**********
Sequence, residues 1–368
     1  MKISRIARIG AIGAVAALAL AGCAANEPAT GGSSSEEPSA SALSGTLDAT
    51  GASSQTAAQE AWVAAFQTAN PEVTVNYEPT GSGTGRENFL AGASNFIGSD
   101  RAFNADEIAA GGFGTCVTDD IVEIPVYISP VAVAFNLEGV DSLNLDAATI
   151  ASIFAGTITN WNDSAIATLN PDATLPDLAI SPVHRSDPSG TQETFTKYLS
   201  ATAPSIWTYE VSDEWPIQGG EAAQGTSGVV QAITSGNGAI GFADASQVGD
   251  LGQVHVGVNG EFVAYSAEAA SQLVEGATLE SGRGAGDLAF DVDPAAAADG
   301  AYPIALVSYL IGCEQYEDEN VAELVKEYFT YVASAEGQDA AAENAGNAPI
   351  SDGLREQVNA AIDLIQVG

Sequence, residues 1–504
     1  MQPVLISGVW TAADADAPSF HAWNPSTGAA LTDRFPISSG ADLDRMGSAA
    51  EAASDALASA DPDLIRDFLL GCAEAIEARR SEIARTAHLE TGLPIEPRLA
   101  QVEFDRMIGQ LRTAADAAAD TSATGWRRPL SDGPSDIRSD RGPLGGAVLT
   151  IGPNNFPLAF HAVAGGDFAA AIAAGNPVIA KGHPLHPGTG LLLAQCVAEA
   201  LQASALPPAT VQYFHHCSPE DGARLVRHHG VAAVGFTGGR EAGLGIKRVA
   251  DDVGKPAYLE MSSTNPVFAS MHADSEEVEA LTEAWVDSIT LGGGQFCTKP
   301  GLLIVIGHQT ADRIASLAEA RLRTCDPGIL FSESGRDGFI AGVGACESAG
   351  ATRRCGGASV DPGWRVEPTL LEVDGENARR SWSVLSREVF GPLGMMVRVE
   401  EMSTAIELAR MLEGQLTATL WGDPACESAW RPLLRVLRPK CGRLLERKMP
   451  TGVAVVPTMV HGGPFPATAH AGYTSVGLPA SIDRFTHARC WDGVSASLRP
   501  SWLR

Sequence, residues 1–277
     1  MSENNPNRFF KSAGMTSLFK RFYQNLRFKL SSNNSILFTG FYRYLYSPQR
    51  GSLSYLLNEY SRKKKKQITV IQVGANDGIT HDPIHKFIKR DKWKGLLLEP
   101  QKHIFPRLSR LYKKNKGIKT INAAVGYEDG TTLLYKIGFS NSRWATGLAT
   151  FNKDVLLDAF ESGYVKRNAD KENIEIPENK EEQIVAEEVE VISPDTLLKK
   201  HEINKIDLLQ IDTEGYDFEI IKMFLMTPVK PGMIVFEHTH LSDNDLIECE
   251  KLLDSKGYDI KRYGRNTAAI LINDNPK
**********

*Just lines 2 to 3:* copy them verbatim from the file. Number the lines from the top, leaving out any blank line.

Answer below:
     1  MKISRIARIG AIGAVAALAL AGCAANEPAT GGSSSEEPSA SALSGTLDAT
    51  GASSQTAAQE AWVAAFQTAN PEVTVNYEPT GSGTGRENFL AGASNFIGSD